New Zealand governments have not kept their side of the treaty.
It guaranteed the chiefs and tribes of New Zealand, full exclusive
and undisturbed possession of their lands and estates, forests and
fisheries and other properties, so long as it was their wish and
desire to retain the same in their possession. This promise has not
- The New Zealand Company purchased land in the Wellington area
illegally and then virtually forced the Maori owners off their
land. Commissioner Spain recognised that the companyís title
was invalid, but because settlers had already arrived the land
was not returned to its owners. This means that our capital city
is built on land that was bought in contravention of the treaty.
- The so-called Maori wars started because settlers could not
live with the terms of the treaty. Under its terms, Maori were not
obliged to sell their land. Even if they were not using it, they
could not be forced to sell. However, land hungry settlers
wanted Maori land that appeared to be going to waste. In each
case Maori were provoked by the settlers. When they retaliated,
the British declared war on them. Any Maori who fought, was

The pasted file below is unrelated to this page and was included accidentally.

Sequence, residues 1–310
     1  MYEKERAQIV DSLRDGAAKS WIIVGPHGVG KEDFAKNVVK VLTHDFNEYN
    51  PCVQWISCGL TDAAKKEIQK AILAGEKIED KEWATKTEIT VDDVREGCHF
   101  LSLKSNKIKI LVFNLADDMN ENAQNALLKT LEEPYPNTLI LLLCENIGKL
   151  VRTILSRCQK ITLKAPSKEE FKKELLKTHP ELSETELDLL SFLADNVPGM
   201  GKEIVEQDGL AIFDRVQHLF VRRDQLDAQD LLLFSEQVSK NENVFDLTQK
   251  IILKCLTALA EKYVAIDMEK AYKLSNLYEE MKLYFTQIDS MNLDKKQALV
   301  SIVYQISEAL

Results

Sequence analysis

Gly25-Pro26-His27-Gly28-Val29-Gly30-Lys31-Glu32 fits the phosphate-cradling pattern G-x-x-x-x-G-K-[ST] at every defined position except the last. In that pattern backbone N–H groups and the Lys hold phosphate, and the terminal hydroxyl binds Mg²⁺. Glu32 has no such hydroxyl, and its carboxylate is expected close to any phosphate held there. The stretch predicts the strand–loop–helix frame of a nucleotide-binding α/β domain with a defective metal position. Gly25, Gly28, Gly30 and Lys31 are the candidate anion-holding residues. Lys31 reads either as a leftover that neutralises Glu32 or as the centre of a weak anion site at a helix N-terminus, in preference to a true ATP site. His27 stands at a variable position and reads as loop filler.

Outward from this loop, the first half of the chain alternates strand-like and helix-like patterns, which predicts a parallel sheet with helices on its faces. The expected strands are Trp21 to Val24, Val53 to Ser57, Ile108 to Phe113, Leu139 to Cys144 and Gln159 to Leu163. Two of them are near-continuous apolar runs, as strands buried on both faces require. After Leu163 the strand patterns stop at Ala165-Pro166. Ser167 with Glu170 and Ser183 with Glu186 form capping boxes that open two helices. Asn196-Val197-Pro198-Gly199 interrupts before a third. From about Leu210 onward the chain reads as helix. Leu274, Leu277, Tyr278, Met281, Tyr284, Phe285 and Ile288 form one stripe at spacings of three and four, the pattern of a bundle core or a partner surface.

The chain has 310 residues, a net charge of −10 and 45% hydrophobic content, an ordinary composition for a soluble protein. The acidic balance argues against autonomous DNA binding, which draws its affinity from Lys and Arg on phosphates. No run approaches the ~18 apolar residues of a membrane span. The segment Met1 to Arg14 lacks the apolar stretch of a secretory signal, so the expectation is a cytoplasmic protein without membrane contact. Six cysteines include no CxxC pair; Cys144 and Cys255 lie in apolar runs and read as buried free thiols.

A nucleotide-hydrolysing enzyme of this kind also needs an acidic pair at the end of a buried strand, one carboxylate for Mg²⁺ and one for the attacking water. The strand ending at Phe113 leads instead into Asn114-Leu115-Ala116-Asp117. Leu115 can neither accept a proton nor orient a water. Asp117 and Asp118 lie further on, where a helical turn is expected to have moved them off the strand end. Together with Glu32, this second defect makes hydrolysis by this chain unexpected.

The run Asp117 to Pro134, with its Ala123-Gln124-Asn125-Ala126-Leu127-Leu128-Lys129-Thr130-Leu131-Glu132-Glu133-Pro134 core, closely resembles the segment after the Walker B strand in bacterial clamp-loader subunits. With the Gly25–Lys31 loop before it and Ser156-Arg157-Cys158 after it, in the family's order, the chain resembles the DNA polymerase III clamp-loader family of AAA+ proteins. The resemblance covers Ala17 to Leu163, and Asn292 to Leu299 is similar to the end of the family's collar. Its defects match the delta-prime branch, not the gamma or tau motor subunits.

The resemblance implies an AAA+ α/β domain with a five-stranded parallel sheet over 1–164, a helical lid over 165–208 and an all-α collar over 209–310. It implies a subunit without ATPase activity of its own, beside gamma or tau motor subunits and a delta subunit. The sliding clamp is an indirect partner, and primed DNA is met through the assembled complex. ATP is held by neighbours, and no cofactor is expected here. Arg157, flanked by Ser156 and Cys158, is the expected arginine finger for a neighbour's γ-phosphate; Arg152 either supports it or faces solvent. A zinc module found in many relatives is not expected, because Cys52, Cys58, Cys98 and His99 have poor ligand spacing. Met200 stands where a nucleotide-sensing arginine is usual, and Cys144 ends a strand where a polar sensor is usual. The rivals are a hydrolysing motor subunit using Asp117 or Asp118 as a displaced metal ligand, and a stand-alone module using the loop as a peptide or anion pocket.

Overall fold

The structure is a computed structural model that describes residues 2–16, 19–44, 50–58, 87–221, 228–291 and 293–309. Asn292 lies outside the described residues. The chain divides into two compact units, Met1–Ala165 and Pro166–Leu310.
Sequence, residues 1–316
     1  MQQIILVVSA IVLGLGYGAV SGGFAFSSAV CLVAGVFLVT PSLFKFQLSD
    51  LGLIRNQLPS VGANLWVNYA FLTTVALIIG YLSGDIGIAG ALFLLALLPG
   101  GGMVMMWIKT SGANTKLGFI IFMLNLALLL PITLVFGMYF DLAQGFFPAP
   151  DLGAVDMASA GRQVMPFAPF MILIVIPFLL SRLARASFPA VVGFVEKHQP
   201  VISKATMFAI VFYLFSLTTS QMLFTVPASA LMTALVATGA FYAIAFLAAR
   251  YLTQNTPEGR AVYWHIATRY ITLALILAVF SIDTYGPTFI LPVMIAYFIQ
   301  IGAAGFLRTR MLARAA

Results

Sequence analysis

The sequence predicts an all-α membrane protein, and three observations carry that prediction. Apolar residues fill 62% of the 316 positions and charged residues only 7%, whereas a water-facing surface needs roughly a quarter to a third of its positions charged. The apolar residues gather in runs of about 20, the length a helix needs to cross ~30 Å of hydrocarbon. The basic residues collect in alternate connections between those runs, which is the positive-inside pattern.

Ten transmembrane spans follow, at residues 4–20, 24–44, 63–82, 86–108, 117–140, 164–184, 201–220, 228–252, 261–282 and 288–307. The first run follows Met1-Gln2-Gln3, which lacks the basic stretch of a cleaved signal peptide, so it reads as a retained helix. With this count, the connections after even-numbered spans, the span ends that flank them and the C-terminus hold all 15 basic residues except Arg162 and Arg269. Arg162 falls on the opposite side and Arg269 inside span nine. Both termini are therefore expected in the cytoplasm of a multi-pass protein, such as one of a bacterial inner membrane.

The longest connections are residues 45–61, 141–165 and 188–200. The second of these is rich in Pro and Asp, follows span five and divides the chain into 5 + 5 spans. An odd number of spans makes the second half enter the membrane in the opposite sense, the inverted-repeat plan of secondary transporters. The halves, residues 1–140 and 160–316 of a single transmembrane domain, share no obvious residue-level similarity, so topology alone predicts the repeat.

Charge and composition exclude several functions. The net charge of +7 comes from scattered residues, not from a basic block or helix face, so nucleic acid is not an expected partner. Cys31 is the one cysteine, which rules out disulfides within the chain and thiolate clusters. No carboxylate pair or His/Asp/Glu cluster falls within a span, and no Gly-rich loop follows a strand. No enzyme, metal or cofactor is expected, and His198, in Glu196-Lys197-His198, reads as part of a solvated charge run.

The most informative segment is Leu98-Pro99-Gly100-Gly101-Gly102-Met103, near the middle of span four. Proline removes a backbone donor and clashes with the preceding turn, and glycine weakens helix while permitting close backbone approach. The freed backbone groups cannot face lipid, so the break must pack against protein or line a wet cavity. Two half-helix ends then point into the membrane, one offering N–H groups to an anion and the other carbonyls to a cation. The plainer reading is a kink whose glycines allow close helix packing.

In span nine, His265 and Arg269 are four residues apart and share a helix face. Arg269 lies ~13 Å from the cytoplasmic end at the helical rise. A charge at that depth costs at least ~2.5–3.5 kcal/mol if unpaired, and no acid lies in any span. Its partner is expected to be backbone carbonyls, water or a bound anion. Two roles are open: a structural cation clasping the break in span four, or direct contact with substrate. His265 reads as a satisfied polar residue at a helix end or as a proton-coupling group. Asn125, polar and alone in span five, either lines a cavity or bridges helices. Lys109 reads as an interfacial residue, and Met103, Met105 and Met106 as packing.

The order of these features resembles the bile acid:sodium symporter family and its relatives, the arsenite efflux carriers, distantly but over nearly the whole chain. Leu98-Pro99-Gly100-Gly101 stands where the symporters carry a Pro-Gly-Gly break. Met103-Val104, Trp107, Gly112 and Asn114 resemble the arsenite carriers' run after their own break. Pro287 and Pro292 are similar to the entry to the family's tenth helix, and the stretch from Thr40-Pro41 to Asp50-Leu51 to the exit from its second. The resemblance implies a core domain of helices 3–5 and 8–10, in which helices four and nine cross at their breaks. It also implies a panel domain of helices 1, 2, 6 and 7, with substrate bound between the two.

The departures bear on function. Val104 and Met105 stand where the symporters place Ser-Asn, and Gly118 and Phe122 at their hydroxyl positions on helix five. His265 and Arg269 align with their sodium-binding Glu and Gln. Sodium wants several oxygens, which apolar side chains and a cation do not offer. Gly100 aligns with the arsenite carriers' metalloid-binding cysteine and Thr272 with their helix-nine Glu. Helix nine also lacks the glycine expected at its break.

declared to be rebels, and their land was confiscated. Through
these wars, some of the best land in Taranaki, Waikato, and the
Bay of Plenty was confiscated by the Government. In most cases
the only crime of the Maori concerned, was an unwillingness to
sell their land a right given to them by the Treaty.
- After the wars, legislation was passed that made it hard for
Maori to hold their land. Keith Sinclair says that "the law
became a legal jungle within which the Maori lost themselves,
and were preyed on by land speculators or their agents and
shyster lawyers". Under these laws millions of acres passed
out of Maori ownership.
- Christian leaders remained silent about these injustices. This
silence hardened many Maori to the gospel. Here too, some
responsibility belongs to the Church.
Like Saulís attempt to wipe out the Gibeonites, the ill
treatment of the Maori people is a blot on our nationís history.